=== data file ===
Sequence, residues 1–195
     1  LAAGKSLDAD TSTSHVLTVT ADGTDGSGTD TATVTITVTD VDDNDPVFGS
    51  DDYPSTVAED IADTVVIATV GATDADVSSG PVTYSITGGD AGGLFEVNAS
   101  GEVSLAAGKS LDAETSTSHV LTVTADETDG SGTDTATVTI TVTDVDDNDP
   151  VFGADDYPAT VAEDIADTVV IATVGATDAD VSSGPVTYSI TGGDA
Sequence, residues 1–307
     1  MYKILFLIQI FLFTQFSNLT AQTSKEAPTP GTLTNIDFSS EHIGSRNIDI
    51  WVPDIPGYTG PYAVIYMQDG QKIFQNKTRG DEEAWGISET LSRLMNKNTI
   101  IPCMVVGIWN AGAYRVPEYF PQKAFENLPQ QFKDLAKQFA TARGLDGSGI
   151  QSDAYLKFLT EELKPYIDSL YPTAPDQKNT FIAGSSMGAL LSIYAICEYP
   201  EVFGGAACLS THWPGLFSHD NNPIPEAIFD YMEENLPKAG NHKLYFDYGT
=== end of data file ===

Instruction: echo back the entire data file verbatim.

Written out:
Sequence, residues 1–195
     1  LAAGKSLDAD TSTSHVLTVT ADGTDGSGTD TATVTITVTD VDDNDPVFGS
    51  DDYPSTVAED IADTVVIATV GATDADVSSG PVTYSITGGD AGGLFEVNAS
   101  GEVSLAAGKS LDAETSTSHV LTVTADETDG SGTDTATVTI TVTDVDDNDP
   151  VFGADDYPAT VAEDIADTVV IATVGATDAD VSSGPVTYSI TGGDA
Sequence, residues 1–307
     1  MYKILFLIQI FLFTQFSNLT AQTSKEAPTP GTLTNIDFSS EHIGSRNIDI
    51  WVPDIPGYTG PYAVIYMQDG QKIFQNKTRG DEEAWGISET LSRLMNKNTI
   101  IPCMVVGIWN AGAYRVPEYF PQKAFENLPQ QFKDLAKQFA TARGLDGSGI
   151  QSDAYLKFLT EELKPYIDSL YPTAPDQKNT FIAGSSMGAL LSIYAICEYP
   201  EVFGGAACLS THWPGLFSHD NNPIPEAIFD YMEENLPKAG NHKLYFDYGT